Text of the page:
You know the big problem with gigantic lunar craters, right? They're absolutely freezing! This not only makes them an inhospitable habitat for humans, but even robots designed specifically for a space environment can experience operational and maintenance problems if exposed to the shadowy cold of the Moon for too long.
But what if you could reflect sunlight directly into the heart of a lunar crater to generate a warm, well-lit environment that's better suited to the needs of robots and their kindly human overlords? That's the thinking behind NASA's audacious 'Trans-Formers for Lunar Extreme Environments' project - one of several new research projects the US space agency greenlit this week.
The project involves navigating a rover unit to the rim of a crater, where it will erect a 'TransFormer' mirror array to reflect sunlight into the darkened cavity below, with the goal of generating enough warmth and light in the area for experiments to be performed remotely by other robots down at the base.
According to Adrian Stoica of NASA's Jet Propulsion Laboratory, "The TransFormer (TF) concept is a paradigm shift to operating in Extreme Environments (EE). TFs are systems that direct energy into energy-depleted (extreme) environments, transforming them, locally, around robots or humans, into mild micro-environments."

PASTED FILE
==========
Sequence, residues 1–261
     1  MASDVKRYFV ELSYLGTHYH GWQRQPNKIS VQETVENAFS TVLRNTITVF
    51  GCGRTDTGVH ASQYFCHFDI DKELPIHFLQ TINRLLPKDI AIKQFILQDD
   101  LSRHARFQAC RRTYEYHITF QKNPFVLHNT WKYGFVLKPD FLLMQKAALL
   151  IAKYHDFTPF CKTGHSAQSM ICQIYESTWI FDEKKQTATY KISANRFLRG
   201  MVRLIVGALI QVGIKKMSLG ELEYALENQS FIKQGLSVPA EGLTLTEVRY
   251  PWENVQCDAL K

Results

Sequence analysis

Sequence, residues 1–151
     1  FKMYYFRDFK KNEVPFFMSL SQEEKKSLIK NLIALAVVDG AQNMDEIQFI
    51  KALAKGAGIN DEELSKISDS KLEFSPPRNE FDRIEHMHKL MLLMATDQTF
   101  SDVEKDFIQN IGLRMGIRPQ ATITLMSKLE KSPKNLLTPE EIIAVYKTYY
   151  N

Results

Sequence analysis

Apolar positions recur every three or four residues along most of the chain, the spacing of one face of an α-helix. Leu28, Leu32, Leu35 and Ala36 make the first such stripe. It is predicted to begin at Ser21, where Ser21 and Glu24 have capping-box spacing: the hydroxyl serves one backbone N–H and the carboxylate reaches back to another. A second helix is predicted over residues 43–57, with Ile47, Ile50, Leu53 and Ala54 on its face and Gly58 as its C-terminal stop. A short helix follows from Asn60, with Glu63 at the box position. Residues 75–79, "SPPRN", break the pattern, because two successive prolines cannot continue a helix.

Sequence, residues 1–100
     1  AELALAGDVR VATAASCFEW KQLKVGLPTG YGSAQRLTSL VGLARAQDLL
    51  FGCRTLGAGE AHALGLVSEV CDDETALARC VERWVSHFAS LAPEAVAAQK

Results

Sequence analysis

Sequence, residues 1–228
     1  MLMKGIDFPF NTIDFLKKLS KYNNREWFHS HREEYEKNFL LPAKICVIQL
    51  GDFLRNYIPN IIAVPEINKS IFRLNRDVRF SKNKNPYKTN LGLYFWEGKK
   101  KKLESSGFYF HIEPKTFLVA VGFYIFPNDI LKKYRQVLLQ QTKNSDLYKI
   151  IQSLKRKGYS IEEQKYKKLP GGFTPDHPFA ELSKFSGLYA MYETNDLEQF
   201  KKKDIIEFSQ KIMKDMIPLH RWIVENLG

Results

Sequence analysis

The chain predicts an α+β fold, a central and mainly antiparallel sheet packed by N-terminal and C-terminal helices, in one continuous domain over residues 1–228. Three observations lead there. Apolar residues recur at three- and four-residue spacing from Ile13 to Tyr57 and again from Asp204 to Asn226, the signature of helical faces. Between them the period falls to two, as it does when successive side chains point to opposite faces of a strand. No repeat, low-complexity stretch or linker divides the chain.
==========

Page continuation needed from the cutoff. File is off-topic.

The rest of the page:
The effect could be amplified by several TransFormer units working in unison, catching different angles of sunlight to provide "continuous collective illumination", he said.
The TransFormer plan is one of seven projects in NASA's Innovative Advanced Concepts (NIAC) program. The goal of the initiative, which awards as much as US$500,000 in funding over the course of a two-year research grant, is to nurture "visionary ideas that could transform future NASA missions with the creation of breakthroughs - radically better or entirely new aerospace concepts - while engaging America's innovators and entrepreneurs as partners in the journey".
In other words, it's NASA's version of the Google 'Moonshot' philosophy. Except literally, in some cases, and performed by the very people who invented Moonshots in the first place.
The other concepts that have made it through to Phase II of the NIAC program are no less adventurous. They include the Titan Submarine, designed to explore icy oceans on cold planets; Swarm Flyby Gravimetry, which pilots a fleet of small drones around asteroids and comets in order to map their gravitational fields; and the Heliopause Electrostatic Rapid Transit System (HERTS), a solar sail designed for speedy return trips to outer planets in our Solar System within one to two years of launch.
"This is an excellent group of NIAC studies," said NASA's Jason Derleth in a statement. "From seeing into cave formations on the Moon to a radically new kind of solar sail that uses solar wind instead of light, NIAC continues to push the bounds of current technology."